Pacific Crest National Scenic Trail

Pacific Crest National Scenic Trail

Designated for its scenic significance, Pacific Crest National Scenic Trail spans California desert valleys to Northwestern rain forests, offering hikers and equestrians a wide variety of climate and terrain. It crosses California, Oregon, and Washington, with starting points in Canada and Mexico. The Pacific Crest has the greatest elevation change of any of the National Scenic Trails, from near sea level to the crest of the Sierra and Cascade mountain ranges.

Pacific Northwest National Scenic Trail

Pony Express National Historic Trail

Potomac Heritage National Scenic Trail


The Potomac Heritage National Scenic Trail is a network of locally managed trails in a corridor between the mouth of the Potomac River and the Allegheny Highlands. As of mid-2009, 830 miles of existing and planned trails have been recognized as segments of the National Scenic Trail. BLM Eastern States manages two miles of the trail at Douglas Point in St. Charles, Maryland. The area hosts diverse plant and animal populations as well as a historic homesite occupied as early as the 18th century and throughout the 19th century.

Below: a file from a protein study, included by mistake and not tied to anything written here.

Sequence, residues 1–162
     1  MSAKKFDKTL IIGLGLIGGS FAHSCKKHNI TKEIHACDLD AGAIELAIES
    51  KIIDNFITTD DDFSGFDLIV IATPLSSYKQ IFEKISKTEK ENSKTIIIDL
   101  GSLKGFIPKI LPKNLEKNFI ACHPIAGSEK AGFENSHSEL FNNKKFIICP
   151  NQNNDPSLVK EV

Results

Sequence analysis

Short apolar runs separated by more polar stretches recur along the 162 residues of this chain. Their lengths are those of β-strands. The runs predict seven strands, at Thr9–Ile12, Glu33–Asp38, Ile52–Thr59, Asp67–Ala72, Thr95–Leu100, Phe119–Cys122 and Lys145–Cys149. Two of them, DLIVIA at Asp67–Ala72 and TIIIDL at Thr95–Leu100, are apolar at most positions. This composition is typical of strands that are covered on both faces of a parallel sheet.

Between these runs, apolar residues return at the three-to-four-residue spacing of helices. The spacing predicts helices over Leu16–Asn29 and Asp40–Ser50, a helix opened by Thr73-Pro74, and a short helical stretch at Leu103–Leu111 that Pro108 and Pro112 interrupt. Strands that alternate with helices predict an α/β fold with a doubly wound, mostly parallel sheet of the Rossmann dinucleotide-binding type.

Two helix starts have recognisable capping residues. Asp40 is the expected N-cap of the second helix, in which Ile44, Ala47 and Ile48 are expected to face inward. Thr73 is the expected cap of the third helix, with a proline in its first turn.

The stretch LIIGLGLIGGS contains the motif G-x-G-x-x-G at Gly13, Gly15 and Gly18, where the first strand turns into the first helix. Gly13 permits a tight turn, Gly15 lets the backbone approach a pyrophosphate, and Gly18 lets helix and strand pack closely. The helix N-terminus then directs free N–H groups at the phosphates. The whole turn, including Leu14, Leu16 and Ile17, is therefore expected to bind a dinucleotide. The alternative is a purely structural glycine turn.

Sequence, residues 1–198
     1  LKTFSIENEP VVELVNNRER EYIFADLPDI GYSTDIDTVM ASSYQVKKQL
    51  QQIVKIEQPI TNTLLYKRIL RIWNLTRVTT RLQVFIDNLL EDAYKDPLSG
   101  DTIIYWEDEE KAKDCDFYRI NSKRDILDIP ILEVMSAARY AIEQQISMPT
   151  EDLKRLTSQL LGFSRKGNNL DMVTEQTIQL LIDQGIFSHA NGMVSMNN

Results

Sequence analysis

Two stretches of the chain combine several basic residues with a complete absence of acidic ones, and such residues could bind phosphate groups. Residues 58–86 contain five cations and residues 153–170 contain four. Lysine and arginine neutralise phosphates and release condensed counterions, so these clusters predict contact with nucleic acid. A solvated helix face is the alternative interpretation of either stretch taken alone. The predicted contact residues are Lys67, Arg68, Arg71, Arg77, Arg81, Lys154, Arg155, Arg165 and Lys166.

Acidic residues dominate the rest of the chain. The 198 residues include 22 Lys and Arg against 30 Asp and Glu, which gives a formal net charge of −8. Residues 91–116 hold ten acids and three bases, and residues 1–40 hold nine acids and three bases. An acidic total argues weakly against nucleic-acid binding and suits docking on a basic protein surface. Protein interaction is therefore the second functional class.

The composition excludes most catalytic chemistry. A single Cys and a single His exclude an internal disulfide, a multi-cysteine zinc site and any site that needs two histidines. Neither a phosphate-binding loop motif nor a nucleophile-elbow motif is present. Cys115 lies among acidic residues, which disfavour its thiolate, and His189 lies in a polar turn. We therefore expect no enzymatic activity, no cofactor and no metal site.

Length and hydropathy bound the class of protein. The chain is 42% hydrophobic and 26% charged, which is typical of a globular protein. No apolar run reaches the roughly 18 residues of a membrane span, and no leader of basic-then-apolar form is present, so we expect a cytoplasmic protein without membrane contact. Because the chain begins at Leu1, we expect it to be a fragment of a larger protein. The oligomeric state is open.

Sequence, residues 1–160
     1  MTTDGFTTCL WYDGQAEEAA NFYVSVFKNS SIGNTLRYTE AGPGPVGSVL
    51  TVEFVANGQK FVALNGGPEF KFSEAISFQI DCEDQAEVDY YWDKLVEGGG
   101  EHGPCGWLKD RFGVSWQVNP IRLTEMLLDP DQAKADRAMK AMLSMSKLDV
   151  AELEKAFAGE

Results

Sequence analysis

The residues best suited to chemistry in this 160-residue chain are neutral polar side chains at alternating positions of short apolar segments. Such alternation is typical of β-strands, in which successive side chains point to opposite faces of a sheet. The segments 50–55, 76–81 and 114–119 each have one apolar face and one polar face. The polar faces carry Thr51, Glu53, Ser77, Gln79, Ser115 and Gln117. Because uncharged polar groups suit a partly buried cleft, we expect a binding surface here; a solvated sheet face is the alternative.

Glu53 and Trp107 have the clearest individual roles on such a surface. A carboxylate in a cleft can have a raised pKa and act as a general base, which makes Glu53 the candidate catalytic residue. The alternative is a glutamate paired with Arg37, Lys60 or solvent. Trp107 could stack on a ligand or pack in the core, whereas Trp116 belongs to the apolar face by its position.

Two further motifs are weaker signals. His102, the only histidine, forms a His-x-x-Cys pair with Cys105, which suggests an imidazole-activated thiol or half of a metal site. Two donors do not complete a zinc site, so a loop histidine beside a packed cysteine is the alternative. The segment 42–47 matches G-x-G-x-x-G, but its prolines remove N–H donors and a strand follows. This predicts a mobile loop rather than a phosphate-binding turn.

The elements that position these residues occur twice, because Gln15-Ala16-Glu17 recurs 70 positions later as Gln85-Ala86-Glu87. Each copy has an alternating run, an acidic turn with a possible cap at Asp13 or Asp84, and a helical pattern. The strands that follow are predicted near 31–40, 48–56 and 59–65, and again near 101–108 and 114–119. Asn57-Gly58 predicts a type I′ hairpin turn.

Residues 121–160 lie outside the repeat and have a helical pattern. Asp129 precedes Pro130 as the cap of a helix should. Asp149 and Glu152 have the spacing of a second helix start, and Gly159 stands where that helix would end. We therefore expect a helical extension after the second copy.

Star-Spangled Banner National Historic Trail

Washington-Rochambeau Revolutionary Route National Historic Trail


On July 11, 1780, the French General Rochambeau landed off Newport, Rhode Island with an army of 5,750 men and officers. Fifteen months later, they helped General George Washington’s forces defeat the British General Cornwallis at Yorktown.  Marching from Newport, they camped on the Mason Neck of northern Virginia on lands that are now managed as the BLM's Meadowood Special Recreation Management Area (SRMA).

Help Us Celebrate!